Asus plans to launch a new line of Windows 8 notebooks later this year that take some design cues from the company’s popular Transformer line of Android tablets. Like the tablets, the new Asus Transformer Book notebooks will straddle the line between notebooks and tablets thanks to a detachable keyboard dock.

The company plans to offer Asus Transformer Book models with 11.6 inch, 13 inch, and 14 inch screens. All three will be available with 1920 x 1080 pixel displays.

Asus Transformer Book

The Transformer Book notebooks will be powered by Intel Ivy Bridge processors and NVIDIA graphics. They’ll come with up to 4GB of RAM and a choice of a hard drive or solid state drive.

With the keyboard attached, these computers look a lot like a traditional notebook. But since they all have touchscreen displays you’ll be able to interact with the Windows 8 Metro style user interface using your fingers, whether the keyboard dock is in use or not.

The notebooks will also feature front and rear cameras — something that’s common on tablets, but not so much on notebooks. The front-facing camera is described as an HD camera for video chat, while the rear camera has a higher resolution 5MP sensor.

Asus hasn’t released any information about the price or launch date yet. But I expect prices to vary quite a bit from model to model, since Asus is promising to deliver versions with Intel Core i3, Core i5, and Core i7 processors.

The Verge has a video of the transforming laptop in action.

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4 replies on “Asus unveils Transformer Book notebooks with detachable keyboards”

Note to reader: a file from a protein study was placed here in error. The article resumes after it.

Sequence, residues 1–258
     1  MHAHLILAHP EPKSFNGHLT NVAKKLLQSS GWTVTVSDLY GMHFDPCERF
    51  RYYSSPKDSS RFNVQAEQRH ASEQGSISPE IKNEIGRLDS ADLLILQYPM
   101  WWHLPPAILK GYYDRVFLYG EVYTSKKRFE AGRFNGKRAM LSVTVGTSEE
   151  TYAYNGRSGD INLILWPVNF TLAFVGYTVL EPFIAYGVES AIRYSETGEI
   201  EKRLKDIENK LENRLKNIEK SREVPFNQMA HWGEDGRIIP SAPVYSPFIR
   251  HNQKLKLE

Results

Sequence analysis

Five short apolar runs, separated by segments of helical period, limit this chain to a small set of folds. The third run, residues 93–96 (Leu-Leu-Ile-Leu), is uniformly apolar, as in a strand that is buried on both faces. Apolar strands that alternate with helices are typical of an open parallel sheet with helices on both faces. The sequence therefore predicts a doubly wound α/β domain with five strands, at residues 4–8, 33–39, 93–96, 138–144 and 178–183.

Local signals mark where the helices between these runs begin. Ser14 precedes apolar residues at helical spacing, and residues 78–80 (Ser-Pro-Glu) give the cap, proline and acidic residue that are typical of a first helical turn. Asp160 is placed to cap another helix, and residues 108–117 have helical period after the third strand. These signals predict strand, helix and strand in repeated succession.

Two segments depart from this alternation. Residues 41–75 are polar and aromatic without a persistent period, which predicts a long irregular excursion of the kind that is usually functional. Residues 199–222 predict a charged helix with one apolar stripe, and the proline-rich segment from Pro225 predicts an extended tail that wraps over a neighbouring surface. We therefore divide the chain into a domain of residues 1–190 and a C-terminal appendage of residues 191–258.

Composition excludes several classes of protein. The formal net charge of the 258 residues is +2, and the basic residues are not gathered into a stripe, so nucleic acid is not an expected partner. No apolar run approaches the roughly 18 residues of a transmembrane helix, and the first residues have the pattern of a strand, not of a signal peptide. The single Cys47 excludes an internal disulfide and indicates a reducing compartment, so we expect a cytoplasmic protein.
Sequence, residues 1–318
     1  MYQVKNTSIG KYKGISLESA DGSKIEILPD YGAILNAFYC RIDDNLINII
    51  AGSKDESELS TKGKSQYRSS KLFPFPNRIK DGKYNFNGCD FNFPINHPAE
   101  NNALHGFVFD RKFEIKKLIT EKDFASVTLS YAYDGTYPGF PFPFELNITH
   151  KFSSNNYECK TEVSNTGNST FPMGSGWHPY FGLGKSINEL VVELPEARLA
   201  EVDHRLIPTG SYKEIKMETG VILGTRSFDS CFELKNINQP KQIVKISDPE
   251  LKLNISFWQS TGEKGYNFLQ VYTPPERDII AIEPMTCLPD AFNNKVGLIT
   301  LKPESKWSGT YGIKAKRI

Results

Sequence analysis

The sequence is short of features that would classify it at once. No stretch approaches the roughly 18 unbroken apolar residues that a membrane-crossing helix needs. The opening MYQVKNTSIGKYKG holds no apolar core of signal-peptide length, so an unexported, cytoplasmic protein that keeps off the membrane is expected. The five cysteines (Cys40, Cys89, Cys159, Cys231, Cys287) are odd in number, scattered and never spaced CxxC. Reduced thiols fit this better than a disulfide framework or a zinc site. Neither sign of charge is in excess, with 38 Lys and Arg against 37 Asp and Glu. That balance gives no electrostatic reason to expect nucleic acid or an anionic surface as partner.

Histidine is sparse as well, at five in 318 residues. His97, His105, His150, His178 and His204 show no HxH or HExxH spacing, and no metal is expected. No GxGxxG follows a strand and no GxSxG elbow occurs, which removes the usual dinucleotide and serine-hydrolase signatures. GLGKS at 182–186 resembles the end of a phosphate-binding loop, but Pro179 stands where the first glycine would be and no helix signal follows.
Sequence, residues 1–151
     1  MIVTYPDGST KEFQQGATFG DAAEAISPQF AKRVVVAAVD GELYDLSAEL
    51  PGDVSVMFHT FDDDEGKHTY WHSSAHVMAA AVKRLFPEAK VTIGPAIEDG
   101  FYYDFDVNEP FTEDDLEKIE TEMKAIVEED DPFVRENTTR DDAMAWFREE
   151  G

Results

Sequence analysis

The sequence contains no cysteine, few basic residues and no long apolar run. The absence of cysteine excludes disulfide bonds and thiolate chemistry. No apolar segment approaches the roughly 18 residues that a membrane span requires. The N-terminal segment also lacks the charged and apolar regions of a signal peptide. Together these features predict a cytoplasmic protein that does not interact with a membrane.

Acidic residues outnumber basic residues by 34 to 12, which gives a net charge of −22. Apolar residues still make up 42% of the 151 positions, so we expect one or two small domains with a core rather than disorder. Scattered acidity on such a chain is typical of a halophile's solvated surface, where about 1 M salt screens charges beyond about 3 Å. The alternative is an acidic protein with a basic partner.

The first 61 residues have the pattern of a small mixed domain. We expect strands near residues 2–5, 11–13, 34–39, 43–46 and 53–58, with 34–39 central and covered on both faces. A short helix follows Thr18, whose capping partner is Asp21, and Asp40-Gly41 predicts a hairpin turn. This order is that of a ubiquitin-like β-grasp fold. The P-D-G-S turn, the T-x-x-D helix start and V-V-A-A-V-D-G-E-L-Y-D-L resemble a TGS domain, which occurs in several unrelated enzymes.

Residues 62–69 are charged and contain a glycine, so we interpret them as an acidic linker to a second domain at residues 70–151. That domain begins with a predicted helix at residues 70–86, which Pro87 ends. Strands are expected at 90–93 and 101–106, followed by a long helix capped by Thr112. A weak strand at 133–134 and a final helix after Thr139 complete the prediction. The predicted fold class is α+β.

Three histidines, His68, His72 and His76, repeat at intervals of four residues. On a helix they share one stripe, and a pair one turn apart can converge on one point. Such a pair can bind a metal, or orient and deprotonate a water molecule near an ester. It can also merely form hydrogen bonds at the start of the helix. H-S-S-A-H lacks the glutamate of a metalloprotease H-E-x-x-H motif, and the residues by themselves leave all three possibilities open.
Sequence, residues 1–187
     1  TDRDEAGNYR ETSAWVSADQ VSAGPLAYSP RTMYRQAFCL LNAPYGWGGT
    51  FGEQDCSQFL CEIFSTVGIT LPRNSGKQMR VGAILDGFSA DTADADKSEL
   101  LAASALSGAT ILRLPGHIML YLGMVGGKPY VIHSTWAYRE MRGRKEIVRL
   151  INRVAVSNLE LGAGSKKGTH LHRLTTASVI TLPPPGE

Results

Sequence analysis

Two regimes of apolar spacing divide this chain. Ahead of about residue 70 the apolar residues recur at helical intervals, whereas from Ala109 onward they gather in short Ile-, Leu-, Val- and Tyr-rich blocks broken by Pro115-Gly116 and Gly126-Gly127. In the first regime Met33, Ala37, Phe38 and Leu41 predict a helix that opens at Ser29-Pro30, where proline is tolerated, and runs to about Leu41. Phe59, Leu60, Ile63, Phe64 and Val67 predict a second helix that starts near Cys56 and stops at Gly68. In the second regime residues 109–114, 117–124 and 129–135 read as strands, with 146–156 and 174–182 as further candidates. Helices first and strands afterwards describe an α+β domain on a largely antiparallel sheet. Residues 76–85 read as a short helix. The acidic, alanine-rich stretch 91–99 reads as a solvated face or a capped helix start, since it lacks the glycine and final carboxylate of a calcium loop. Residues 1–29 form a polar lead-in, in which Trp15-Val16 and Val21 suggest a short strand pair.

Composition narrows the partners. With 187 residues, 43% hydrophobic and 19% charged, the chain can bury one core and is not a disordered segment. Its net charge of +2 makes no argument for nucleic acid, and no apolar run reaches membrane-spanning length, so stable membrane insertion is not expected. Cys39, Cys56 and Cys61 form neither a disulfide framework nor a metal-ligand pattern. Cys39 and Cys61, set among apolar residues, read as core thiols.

1. What the hell is everyone’s infatuation with 1080 screens? It’s almost impossible to get higher res without paying an arm for one.

    1. More 1080p displays will drive more production of 1080p displays – which is the only way costs come down.  That’s how it has always been.  The early units are more expensive but volume drives production up and costs down.

  2. I’m pretty excited about these Windows 8 tablet/notebooks.  I could see something like this completely replacing my Android tablet and Windows notebook.  I feel that this is what the Asus Transformer was made for.  The Android version was neat, but obviously was never meant to be a full laptop replacement.  Still, there are many questions about Windows 8 to be answered.  Hopefully the final product turns out well.  

    1.  Since Asus is also pushing Bluestack, many people will still be able to run most of their favorite Android apps as well on Windows 8.

      While right now it seems most of the concern over Windows 8 is its usefulness for desktop usage, but for tablets it seems to be all set.

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